Multistate study of the epidemiology of clubfoot

Birth Defects Res A Clin Mol Teratol. 2009 Nov;85(11):897-904. doi: 10.1002/bdra.20625.


Background: Although clubfoot is a common birth defect, with a prevalence of approximately 1 per 1000 livebirths, the etiology of clubfoot remains largely unknown. Studies of the prevalence and risk factors for clubfoot in the United States have previously been limited to specific states. The purpose of this study was to pool data from several birth defects surveillance programs to better estimate the prevalence of clubfoot and investigate its risk factors.

Methods: The 10 population-based birth defects surveillance programs that participated in this study ascertained 6139 cases of clubfoot from 2001 through 2005. A random sample of 10 controls per case, matched on year and state of birth, was selected from birth certificates. Data on infant and maternal risk factors were collected from birth certificates. Prevalence was calculated by pooling the state-specific data. Conditional logistic regression was used to investigate the association between risk factors and clubfoot.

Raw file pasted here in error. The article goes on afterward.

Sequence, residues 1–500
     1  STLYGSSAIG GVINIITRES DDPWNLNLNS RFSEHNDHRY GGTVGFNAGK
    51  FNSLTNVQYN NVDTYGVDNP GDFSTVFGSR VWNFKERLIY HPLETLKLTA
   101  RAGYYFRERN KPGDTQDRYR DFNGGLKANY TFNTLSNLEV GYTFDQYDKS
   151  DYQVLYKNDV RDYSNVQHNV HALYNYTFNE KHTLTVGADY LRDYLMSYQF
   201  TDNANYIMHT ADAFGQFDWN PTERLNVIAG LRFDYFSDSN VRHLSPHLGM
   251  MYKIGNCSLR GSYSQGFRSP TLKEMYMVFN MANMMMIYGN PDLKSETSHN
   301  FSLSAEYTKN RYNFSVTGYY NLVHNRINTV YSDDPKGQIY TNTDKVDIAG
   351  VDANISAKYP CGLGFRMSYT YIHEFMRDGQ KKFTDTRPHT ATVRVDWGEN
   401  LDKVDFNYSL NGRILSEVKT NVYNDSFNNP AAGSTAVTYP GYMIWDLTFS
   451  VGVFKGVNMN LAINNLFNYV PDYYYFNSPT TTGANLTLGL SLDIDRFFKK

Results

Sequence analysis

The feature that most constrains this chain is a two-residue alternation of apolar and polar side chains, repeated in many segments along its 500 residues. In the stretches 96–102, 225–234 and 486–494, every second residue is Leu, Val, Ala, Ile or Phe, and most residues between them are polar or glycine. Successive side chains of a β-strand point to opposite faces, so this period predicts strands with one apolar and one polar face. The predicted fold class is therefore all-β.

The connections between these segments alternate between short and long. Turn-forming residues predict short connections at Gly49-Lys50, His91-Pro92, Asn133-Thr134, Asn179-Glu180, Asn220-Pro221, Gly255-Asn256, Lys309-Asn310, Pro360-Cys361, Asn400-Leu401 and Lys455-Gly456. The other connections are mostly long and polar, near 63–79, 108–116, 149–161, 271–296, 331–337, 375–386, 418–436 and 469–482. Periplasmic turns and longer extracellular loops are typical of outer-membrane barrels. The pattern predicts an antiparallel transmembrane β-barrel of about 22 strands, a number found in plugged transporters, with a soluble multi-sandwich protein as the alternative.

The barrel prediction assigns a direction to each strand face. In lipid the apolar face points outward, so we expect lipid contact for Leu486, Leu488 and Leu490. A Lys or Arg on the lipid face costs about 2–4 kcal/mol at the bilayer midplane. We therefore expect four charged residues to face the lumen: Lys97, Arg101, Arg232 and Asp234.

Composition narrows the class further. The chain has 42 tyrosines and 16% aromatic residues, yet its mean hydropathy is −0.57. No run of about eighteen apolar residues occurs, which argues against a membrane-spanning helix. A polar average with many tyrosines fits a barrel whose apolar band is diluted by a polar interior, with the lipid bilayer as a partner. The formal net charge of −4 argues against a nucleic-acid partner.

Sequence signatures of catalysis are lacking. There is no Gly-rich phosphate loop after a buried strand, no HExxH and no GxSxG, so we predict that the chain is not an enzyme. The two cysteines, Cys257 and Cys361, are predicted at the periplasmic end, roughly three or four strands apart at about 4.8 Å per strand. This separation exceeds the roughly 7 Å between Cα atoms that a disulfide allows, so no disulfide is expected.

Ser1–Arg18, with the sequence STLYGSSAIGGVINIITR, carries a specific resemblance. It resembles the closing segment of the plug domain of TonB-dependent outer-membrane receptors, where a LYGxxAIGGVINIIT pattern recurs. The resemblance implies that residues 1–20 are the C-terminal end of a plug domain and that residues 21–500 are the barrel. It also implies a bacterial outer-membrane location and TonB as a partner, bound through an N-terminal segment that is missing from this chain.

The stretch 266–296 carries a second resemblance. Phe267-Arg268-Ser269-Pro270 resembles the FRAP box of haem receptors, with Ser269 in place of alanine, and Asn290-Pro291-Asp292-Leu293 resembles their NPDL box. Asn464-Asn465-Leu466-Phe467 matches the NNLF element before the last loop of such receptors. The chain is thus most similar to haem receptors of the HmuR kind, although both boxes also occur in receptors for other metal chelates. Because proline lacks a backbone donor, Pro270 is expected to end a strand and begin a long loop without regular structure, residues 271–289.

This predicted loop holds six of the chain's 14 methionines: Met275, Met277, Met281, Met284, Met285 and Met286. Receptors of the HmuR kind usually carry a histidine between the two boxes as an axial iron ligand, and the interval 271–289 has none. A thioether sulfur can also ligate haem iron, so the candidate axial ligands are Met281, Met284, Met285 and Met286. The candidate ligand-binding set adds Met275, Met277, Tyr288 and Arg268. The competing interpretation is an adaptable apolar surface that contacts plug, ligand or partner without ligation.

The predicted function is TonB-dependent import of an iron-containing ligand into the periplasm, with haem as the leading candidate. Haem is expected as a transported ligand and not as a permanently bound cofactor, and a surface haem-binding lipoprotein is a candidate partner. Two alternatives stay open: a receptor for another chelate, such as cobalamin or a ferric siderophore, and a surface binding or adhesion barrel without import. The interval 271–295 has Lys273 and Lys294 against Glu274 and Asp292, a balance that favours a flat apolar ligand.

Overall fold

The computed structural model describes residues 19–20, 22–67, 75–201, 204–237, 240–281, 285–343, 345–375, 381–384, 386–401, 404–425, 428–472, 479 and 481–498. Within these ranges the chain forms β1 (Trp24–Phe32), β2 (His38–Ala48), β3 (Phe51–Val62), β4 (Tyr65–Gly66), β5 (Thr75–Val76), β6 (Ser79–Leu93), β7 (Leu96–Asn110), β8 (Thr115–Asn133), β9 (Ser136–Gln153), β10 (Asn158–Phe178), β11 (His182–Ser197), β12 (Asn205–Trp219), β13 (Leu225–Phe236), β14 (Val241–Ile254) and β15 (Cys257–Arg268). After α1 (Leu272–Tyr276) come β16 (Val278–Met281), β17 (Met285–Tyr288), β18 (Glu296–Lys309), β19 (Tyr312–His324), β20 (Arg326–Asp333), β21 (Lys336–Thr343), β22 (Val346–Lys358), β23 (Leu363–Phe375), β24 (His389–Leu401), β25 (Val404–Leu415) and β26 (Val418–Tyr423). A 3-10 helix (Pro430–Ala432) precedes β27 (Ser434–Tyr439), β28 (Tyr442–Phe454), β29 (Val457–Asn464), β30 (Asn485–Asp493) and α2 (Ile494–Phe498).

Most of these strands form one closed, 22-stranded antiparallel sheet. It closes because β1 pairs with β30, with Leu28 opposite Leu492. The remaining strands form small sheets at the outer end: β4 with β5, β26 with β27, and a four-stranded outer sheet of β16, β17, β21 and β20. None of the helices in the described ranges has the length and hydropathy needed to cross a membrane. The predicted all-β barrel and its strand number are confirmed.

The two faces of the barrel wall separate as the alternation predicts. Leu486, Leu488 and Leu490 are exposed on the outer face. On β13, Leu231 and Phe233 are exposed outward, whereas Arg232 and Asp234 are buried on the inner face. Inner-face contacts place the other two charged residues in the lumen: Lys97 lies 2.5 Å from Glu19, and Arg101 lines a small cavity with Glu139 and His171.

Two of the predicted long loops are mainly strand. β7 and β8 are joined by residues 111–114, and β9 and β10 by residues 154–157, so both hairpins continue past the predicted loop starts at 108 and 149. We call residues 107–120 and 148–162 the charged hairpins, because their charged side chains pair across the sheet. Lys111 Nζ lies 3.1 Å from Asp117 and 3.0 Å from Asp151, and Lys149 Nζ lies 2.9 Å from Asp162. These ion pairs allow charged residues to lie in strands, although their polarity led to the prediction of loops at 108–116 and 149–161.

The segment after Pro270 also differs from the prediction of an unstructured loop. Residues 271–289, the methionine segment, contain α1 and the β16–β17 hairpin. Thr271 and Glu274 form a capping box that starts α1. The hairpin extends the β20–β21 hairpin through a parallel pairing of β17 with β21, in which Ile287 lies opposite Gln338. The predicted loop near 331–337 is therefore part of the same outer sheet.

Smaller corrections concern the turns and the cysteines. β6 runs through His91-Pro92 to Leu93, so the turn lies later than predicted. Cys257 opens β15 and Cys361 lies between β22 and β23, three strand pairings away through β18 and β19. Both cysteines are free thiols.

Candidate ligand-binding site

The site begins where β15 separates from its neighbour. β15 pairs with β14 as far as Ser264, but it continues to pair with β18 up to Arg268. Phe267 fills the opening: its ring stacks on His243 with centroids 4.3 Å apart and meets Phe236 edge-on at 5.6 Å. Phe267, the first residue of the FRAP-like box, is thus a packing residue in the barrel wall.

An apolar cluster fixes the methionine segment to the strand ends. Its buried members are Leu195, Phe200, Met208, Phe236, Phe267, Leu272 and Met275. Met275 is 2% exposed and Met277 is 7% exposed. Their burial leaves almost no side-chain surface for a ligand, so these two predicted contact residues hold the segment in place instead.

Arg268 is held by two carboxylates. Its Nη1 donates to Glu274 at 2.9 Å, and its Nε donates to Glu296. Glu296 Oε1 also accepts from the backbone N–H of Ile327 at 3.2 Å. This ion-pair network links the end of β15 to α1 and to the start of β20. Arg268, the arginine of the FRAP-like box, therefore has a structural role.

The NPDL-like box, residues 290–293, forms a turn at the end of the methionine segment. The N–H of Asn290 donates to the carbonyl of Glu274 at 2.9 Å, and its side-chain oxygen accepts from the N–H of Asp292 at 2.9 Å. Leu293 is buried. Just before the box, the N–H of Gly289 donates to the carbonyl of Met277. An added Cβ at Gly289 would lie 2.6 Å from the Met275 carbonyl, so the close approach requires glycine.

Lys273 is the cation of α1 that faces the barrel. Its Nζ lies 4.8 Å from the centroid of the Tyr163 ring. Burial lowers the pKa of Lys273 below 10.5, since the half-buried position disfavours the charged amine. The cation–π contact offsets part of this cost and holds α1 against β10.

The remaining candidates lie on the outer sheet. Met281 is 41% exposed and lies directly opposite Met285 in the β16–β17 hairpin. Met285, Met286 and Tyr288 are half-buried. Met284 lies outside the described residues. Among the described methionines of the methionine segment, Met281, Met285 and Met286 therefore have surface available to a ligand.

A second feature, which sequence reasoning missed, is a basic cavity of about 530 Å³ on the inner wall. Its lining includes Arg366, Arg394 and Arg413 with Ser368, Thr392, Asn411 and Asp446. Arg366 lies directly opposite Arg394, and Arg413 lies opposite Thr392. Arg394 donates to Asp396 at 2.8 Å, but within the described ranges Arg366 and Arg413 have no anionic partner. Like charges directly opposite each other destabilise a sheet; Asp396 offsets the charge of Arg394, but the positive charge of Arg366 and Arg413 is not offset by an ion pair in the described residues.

Results: The overall prevalence of clubfoot was 1.29 per 1000 livebirths; 1.38 among non-Hispanic whites, 1.30 among Hispanics, and 1.14 among non-Hispanic blacks or African Americans. Maternal age, parity, education, and marital status were significantly associated with clubfoot. Maternal smoking and diabetes also showed significant associations. Several of these observed associations were consistent between surveillance programs.

Conclusions: We estimated the prevalence of clubfoot using data from several birth defects programs, representing one-quarter of all births in the United States. Our findings underline the importance of birth defects surveillance programs and their utility in monitoring population-based prevalence and investigating risk factors.

Publication types

  • Multicenter Study

MeSH terms

  • Adult
  • Birth Certificates
  • Clubfoot / epidemiology*
  • Female
  • Humans
  • Logistic Models
  • Male
  • Population Surveillance
  • Prevalence
  • United States / epidemiology